in check, in checkmate or in a stalemate position. People using the
"capture the king" idea to understand or interprete the rules are in
effect _adding_ a new rule to the existing ones, creating _new_ problems
not covered by the rules of the game.

As you can see there's only one reference to the king and capturing, and
it's placed between semicolons:

quote
1.2 The objective of each player is to place the opponent's king 'under
attack' in such a way that the opponent has no legal move which would
avoid the 'capture' of the king on the following move. The player who
achieves this goal is said to have 'checkmated' the opponent's king and
to have won the game. The opponent whose king has been checkmated has
lost the game.
/quote

You are not allowed to reach this objective with Kc6+

+++

Discussion about simultanious checks pops up every now and then in
different formats. They're often very ingenious! The answer is a simple,
"no", as it's an _illegal_ move you describe. Not "physically" illegal,
but "illegal because the rules we all agreed to" say so.

Sometimes people forget that chess is not a phenomenon that happens, and
can be observed, after which general laws are defined to explain its
behaviour; chess is a game with _preset_ rules simply not allowing the
move you describe.



--
CeeBee


Uxbridge: "By God, sir, I've lost my leg!"
Wellington: "By God, sir, so you have!"


Google CeeBee @ www.geocities.com/ceebee_2

  #3  
Old August 11th 03, 10:31 AM
Larry
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Default Question about move not clearly covered by rules regarding definition of check .. help please

My thanks to Joost and CeeBee for thier replies.

--Larry


"Larry" wrote in message
...
Gentlemen,

I have played for years and love the game but have run into a situation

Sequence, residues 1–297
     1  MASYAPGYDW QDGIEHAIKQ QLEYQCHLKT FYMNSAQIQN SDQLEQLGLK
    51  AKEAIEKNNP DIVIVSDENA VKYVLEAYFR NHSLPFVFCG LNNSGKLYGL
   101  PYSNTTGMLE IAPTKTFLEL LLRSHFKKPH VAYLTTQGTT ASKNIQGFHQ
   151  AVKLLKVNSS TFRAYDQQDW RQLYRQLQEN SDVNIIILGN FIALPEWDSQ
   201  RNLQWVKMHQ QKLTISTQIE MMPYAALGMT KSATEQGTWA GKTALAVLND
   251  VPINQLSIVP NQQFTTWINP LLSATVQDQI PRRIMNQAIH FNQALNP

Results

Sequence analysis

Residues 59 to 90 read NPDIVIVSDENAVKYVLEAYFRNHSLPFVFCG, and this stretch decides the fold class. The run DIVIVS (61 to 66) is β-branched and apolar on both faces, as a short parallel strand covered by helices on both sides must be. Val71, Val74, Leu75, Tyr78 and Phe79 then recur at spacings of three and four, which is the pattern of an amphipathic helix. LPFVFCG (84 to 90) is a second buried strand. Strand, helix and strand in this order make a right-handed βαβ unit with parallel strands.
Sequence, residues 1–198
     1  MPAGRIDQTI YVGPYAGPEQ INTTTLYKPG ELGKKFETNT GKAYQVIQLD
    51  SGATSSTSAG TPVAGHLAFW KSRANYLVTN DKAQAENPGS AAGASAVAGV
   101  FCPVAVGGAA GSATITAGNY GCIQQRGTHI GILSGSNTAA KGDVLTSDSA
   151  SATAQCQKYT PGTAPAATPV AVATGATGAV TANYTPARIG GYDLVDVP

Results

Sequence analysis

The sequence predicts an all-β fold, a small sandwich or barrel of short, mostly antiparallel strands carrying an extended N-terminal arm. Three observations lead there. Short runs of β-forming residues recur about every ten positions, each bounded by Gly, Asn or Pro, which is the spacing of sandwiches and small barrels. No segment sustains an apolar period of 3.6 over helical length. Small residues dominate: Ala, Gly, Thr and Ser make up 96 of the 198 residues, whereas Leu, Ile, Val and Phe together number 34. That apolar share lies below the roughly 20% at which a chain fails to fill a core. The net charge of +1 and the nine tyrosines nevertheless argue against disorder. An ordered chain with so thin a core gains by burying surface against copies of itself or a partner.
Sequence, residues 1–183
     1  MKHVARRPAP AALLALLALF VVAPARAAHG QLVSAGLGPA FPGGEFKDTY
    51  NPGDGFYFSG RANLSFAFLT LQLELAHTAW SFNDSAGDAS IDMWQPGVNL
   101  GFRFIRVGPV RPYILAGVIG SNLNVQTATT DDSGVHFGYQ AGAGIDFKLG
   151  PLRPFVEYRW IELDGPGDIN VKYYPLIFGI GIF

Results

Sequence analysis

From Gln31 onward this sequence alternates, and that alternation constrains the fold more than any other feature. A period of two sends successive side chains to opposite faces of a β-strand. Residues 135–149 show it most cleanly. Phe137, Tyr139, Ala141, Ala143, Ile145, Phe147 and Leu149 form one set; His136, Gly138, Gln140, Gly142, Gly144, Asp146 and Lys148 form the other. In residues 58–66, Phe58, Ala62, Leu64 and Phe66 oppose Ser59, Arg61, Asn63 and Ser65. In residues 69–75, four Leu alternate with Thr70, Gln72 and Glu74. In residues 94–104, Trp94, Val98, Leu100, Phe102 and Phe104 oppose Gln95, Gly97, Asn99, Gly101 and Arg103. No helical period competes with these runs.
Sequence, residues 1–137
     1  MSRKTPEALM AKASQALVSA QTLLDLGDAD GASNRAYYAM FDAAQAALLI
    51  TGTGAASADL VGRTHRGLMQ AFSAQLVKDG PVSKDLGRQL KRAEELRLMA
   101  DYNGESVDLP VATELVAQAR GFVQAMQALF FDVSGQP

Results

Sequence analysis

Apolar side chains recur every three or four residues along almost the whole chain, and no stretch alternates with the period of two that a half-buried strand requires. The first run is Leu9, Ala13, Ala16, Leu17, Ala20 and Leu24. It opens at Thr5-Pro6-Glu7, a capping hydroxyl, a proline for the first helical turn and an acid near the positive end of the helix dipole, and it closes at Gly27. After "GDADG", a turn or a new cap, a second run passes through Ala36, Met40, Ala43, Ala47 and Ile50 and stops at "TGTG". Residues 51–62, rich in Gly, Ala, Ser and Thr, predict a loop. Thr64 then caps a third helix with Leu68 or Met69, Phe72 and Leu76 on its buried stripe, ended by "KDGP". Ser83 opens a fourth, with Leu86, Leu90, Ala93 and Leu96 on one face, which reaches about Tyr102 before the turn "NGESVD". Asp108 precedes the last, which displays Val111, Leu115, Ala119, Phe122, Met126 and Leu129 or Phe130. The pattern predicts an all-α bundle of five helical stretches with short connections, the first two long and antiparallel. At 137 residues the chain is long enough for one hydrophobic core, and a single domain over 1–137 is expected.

that
I cannot decipher by standard chess rules and definitions. I apologize if

it
is a situation that is covered by basics, which I am not understanding but

I
have never seen this before.

The board setup is this:

Black Rook on QN1
Black King on Q6
White King on QN6 and
White Pawn on Q5

White has just been placed in check from the Black Rook and it is Whites
move. White moves K to QB6 -- check. This is crazy right? Ahh not so

fast.

Normally White King could not move within one square of the opponents King
because it would violate the basic principle of placing itself in a

position
to be captured. In this case however the White Pawn infers a special
protective relationship to the White King such that it is not eligible to

be
captured by the Black King on the next move. The White King, in fact, has
checked the Black King and the Black King must move from check!

Is this a correct analysis of the situation and interpretation of the

rules?

Thank you in advance for your help!

Larry Robison





  #4  
Old August 18th 03, 03:05 AM
Shawn K. Quinn
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Default Question about move not clearly covered by rules regarding definition of check .. help please

Larry wrote:

Normally White King could not move within one square of the opponents King
because it would violate the basic principle of placing itself in a
position to be captured. In this case however the White Pawn infers a
special protective relationship to the White King such that it is not
eligible to be captured by the Black King on the next move. The White
King, in fact, has checked the Black King and the Black King must move
from check!

Is this a correct analysis of the situation and interpretation of the
rules?


Neither king may move to a space where it can be captured on the next move.
It follows that a king may not check the other king by itself; this is why
a position with only two lone kings is a draw.

--
Shawn K. Quinn